Observation 118936: Ganoderma sessile Murrill

When: 2012-09-27

Collection location: Crown Point, Indiana, USA [Click for map]

Who: Danielle B. (dbly)

No specimen available

-multiple shelf like specimen growing on living tree

-103mm in length and 70mm wide

-topside was a burnt red in color with a slimy varnished covering, turned yellow than to a cream color at margin

- underside was a cream color with minute spores on the bottom

- flesh was extremely tough, it took a while to remove it from the tree

- spores were broadly ovate/elliptical in shape, 2 visible walls, with spines

- spore measurements (length/width) (in micrometers) I tried to include the one of the largest and smallest spores I could find along with the majority of the same sized spores that I found. Measured with an 100x oil immersion objective.

1. 12.45/6.64
2. 9.96/5.81
3. 11.62/6.64
4. 9.13/5.81
5. 11.62/6.64
6. 10.79/5.81
7. 10.79/5.81
8. 11.62/6.64
9. 11.62/6.64
10. 11.62/6.64

range (9.13-12.45) and (5.81-6.64)

Proposed Names

-21% (3)
Recognized by sight
Based on microscopic features: similar spore size and shape
33% (3)
Recognized by sight
-26% (2)
Recognized by sight: Sessile nature is common in G.resinaceum. Spores of the smooth type, Ganoderma lucidum has rough spores with prominent echinulae.
Used references: (Steyaert 1972,1980)
81% (3)
Recognized by sight

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Eye3 = Observer’s choice
Eyes3 = Current consensus


Add Comment
There is also
By: Matthew Schink (MSchink)
2014-10-19 12:16:52 CEST (+0200)

an excellent illustration of the difference between spores in figures 2-3 of Stipes And Spores In Two British Ganoderma Species. in Field Mycology Volume 2(2), April 2001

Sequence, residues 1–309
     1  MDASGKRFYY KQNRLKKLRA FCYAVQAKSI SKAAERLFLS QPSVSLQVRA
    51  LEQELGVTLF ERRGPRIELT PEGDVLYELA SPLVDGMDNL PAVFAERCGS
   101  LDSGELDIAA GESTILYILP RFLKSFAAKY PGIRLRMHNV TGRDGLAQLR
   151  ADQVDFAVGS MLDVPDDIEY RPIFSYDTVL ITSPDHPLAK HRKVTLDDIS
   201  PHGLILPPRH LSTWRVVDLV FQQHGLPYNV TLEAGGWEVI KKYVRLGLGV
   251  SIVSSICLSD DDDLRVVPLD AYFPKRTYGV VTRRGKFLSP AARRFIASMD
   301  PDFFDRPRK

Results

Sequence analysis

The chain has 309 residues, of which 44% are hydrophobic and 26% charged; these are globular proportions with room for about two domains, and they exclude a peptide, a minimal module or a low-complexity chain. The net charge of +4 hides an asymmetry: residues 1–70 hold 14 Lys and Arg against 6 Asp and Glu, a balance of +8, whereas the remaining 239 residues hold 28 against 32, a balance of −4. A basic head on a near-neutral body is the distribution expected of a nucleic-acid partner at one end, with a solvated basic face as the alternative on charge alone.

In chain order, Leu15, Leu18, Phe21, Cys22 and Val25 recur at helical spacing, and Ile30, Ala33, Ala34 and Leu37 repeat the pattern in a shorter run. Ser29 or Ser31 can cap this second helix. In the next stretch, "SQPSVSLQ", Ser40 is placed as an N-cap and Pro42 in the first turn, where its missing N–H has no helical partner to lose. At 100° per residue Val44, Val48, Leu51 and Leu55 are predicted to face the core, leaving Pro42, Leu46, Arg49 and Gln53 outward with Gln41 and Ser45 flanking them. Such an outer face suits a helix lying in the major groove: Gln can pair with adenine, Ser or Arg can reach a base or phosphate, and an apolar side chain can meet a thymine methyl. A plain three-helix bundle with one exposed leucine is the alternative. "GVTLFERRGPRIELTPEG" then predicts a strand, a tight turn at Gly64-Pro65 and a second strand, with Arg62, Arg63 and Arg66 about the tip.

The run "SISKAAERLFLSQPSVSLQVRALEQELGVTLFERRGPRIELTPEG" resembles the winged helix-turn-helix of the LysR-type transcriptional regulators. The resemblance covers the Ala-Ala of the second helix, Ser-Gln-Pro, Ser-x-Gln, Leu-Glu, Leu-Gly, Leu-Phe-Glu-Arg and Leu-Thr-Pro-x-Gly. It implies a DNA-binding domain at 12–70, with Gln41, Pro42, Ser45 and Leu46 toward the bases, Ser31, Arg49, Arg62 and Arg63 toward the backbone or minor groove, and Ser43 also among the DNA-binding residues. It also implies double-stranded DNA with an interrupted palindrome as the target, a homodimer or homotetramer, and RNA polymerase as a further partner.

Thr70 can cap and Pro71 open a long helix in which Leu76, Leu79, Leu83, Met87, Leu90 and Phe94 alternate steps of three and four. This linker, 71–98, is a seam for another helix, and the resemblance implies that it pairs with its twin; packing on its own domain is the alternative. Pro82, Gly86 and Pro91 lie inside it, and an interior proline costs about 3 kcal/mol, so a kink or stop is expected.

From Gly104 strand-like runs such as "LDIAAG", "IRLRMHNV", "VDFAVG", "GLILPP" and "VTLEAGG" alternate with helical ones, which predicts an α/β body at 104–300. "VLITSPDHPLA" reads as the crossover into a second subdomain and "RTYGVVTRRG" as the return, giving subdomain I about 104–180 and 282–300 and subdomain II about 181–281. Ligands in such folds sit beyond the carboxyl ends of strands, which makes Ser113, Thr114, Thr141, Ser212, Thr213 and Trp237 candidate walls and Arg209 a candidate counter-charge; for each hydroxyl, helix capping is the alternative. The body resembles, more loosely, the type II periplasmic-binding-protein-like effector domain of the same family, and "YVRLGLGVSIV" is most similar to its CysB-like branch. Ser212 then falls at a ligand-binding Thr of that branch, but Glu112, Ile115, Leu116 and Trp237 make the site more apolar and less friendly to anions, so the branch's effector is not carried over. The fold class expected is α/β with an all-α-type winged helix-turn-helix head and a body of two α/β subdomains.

I think you will find these spores look more like the resinaceum spores than the lucidum.

By: Matthew Schink (MSchink)
2014-10-17 07:26:24 CEST (+0200)

I am using Steyaerts interpretation of rough vs smooth spores. If you read my citation you will see he explicitly makes note that smooth does not mean truly smooth but rather the echinulae are less prominent in resinaceum than in lucidum.

Species of Ganoderma and related Genera mainly of the Bogor an Leiden Herbaria. (Steyeart 1972)

Figure 6 shows clearly the differences between the spores, pg 94 discusses the differences.

Study of some Ganoderma species (Steyeart 1980)
pg 170 Further discussion on the G.resinaceum complex.
pg 183 discusses the distribution of Ganoderma species.


Figure 4 shows both G.lucidum and G.resinaceum spores, G.lucidum spores are clearly distinct.

The distinction of G.curtisii ( a North American taxon) as well as the Asian G.“lucidum” from European Ganoderma lucidum is well supported by genetic sequencing.

Species clarification of the prize medicinal Ganoderma
mushroom “Lingzhi” (2012)


Created: 2012-12-04 23:12:19 CET (+0100)
Last modified: 2017-06-25 04:45:53 CEST (+0200)
Viewed: 124 times, last viewed: 2018-01-31 00:00:19 CET (+0100)
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